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Statistics for Big Data For Dummies by David Semmelroth, Alan Anderson

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Chapter 13

You’re the Only Variable for Me: Univariate Statistical Techniques

In This Chapter

arrow Understanding the properties of discrete probability distributions: the binomial and Poisson

arrow Exploring continuous probability distributions: the normal, Student’s t, lognormal, chi-square, and F

arrow Implementing statistical tests of randomness

Chapter 4 introduces the notion of a probability distribution. You use a probability distribution to describe the properties of a random variable. A random variable is actually a function — it assigns numerical values to the outcomes of a random process. For example, you might define a random variable as “the return to Apple stock over the coming trading day” or “the number of bonds in a portfolio that default over the coming year.”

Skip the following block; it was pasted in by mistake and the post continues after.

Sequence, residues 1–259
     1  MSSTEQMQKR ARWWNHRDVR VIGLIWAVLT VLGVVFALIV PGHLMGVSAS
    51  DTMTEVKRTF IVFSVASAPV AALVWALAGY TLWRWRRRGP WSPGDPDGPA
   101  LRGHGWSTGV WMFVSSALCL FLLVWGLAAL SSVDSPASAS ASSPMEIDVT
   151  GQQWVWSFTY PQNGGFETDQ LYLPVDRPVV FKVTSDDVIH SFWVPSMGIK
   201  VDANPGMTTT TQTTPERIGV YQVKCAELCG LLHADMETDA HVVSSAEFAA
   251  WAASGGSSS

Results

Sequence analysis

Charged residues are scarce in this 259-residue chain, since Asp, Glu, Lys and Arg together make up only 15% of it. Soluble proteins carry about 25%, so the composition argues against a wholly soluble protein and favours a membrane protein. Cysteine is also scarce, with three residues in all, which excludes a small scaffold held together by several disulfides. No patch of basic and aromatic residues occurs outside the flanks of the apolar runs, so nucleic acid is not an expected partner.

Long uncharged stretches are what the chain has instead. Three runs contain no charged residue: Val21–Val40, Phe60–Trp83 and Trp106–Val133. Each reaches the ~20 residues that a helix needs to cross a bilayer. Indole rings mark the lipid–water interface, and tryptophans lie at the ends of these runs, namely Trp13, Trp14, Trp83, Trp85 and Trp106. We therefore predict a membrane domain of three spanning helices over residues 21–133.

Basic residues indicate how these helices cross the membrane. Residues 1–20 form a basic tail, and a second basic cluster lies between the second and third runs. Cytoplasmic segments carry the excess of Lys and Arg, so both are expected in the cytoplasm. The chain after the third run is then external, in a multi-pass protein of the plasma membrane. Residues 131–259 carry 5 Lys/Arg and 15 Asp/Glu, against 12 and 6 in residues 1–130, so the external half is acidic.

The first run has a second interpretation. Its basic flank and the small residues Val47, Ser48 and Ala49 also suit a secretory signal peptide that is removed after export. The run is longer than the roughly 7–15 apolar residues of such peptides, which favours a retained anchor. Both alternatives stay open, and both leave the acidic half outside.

The two basic types of probability distributions you may encounter in statistics are discrete distributions and continuous distributions:

  • A discrete distribution is one for which every outcome has a positive probability.
  • A continuous distribution assigns probabilities to ranges of values.

For example, the distribution of bonds that default over the coming year would be discrete, because every bond has a distinct probability ...

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